OpenGL 3.1 Specs released at GDC

The Khronos Group made a formal announcement at GDC 2014 on the OpenGL-ES 3.1 API specification. It turns out that with the 3.0 spec released late 2014 we’ve been waiting for the hardware to catch up to the API. As hardware started to become available it became apparent that the hardware was much more capable than just what was required for 3.0, but was in fact anticipating some of the OpenGL 4.x feature set. Thus just over a year after the 3.0 API spec was released we’re not only seeing the 3.1 spec released but we actually have actual hardware announcements. OpenGL 3.1 is a superset of 3.0 and is fully compatible with 3.0 and 2.0 programs. The major improvements are;

Compute Shaders: Compute shaders are the big addition to 3.1. They bring the ability to use OpenGL applications for general purpose GPU computing. Where you might normally need to use the CPU to do calculations, you can now take advantage of the massive parallel capabilities of a GPU to offload them onto a faster and more efficient computational engine. Things like physics calculations, AI, post processing effects, ambient occlusion, photographic filtering effects, etc. This alone brings the power of the desktop graphics API to mobile space.

Shader Objects: It’s now possible to mix and match vertex and pixel shaders and also to have pre-compiled shaders – albeit you’ll still need to compile the shaders the first time and store the resulting binaries. This will make it possible to make program loading much much faster by eliminating the compilation and linking steps for the shaders.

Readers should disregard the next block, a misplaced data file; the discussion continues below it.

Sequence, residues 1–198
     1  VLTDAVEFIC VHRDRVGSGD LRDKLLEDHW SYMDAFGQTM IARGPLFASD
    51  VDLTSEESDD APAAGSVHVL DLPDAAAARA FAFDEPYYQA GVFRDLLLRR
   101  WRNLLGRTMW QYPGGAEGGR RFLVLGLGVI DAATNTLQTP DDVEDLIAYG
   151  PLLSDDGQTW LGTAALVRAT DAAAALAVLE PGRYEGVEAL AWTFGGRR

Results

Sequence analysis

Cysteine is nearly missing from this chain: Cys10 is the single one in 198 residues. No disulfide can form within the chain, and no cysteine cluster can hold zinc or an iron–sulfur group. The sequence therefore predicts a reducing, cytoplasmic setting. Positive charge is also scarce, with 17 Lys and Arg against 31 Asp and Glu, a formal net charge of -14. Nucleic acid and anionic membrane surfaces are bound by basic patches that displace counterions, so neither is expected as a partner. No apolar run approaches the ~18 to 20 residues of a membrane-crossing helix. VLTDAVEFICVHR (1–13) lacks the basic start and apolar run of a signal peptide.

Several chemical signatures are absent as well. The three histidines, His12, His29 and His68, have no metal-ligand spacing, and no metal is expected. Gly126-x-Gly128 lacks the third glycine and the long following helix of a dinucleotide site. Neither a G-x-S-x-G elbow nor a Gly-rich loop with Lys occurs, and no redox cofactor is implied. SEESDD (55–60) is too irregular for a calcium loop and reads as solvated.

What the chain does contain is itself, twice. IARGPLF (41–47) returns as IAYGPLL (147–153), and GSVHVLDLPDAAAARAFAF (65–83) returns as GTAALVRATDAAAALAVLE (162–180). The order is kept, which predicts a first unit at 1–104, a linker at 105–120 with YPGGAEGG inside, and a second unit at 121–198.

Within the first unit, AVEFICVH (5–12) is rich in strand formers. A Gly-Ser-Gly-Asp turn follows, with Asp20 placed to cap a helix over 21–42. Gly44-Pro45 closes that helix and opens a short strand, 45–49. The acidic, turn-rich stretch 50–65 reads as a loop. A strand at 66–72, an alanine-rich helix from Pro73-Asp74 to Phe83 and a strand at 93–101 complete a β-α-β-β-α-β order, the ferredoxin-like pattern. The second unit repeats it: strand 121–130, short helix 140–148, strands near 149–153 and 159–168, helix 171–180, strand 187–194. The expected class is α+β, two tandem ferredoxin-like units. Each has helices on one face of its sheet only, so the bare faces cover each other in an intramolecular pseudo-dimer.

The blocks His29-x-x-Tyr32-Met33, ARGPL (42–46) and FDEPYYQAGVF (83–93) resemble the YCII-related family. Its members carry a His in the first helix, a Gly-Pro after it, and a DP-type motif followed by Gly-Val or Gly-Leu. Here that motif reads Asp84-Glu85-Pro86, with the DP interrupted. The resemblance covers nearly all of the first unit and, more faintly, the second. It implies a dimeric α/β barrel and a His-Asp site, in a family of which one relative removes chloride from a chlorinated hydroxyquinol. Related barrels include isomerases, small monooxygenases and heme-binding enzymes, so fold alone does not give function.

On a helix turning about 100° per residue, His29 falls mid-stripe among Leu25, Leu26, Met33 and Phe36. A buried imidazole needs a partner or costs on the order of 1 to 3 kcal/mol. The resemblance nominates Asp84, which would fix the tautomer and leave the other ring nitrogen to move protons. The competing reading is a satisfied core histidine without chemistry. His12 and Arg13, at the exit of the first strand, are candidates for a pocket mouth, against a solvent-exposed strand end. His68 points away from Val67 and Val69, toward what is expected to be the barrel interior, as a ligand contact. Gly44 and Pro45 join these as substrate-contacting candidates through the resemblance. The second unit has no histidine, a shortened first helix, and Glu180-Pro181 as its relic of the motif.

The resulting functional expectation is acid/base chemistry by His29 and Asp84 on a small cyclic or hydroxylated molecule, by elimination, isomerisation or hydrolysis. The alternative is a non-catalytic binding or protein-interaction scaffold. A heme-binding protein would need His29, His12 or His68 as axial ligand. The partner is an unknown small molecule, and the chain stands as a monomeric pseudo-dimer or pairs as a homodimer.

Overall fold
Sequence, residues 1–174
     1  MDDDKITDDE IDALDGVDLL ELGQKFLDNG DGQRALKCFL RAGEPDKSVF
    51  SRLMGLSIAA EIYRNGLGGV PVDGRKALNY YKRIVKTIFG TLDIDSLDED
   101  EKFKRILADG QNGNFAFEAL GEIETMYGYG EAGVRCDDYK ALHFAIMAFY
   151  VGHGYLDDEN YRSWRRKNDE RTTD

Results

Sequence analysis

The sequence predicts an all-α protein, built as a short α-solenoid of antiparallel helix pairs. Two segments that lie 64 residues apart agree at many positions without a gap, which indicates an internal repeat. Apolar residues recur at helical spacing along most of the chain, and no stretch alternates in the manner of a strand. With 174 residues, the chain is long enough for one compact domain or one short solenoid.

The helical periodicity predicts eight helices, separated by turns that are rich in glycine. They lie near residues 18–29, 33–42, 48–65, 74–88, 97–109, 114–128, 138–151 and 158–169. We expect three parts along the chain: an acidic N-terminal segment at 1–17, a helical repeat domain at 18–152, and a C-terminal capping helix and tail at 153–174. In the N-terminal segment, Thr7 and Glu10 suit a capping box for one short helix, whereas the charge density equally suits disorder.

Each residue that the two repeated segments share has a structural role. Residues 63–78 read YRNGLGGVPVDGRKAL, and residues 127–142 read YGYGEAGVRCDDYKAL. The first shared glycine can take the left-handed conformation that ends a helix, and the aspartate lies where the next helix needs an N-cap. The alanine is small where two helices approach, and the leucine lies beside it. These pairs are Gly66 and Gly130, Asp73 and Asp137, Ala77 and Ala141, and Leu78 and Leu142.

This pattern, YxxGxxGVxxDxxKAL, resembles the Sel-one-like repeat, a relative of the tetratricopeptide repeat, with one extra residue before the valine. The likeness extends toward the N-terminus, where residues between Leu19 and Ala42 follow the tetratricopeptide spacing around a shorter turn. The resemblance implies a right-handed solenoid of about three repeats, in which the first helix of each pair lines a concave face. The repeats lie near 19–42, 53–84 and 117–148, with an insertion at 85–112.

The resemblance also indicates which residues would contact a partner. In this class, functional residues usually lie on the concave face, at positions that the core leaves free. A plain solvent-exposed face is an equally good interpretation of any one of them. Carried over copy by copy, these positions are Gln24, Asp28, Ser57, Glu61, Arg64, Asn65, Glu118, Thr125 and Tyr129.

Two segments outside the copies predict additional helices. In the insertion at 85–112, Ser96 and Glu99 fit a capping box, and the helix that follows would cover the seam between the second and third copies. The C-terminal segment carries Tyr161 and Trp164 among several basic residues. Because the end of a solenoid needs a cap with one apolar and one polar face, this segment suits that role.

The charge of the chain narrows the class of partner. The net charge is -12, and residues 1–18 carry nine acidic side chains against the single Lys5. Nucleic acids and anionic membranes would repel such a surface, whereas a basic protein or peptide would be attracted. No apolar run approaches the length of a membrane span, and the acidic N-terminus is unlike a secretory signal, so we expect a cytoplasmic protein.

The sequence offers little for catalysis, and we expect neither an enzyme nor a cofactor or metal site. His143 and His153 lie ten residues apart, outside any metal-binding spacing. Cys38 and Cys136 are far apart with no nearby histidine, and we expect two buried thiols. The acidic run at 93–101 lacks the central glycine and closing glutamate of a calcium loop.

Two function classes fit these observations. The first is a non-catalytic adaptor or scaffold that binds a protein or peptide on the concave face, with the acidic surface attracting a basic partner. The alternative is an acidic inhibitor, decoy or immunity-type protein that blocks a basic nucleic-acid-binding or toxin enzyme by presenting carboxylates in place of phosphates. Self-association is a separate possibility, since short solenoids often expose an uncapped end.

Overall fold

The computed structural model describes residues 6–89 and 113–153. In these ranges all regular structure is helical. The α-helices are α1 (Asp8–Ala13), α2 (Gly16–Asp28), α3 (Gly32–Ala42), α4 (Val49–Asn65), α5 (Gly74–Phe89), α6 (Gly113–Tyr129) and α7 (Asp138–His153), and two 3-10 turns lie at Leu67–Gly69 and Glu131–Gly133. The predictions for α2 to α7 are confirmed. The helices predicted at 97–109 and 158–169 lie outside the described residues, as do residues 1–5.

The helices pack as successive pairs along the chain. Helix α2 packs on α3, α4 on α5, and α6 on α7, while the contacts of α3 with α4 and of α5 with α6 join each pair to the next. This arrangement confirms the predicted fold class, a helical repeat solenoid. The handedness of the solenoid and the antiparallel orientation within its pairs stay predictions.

An Updated Shader Language: As with the 3.0 spec, the 3.1 spec continues to add some features previously found only on desktop OpenGL and makes it much easier to support more efficient and advanced shader usage.

Indirect Draw Commands:  The ability to submit draw commands from objects in GPU memory rather than have the CPU kick off drawing helps make the pipeline more efficient. Combine this with compute shaders and you can have the GPU computing, updating, and rendering part of the scene itself without any intervention by the CPU.

Enhanced Texture Functionality: Some features from desktop have made it over as well, including mutisampling, stencil textures, texture gather.

There has also been much support for providing a set of conformance tests as well and a standardized shader compiler so that individual vendor’s drivers can now be tested against the ”standard” compiler for conformance. This should help for those situations where some vendors have implemented (or read) the spec differently.

So what’s left out? Tessellation and Geometry shaders are really the two biggest features. Those vendors that are moving their desktop hardware to mobile (Nvidia and Intel) will probably be shipping drivers with extensions for their hardware. Intel is showing off their “PixelSync” extension (which was in their DX drivers) which allows order-independent transparency effects among others.

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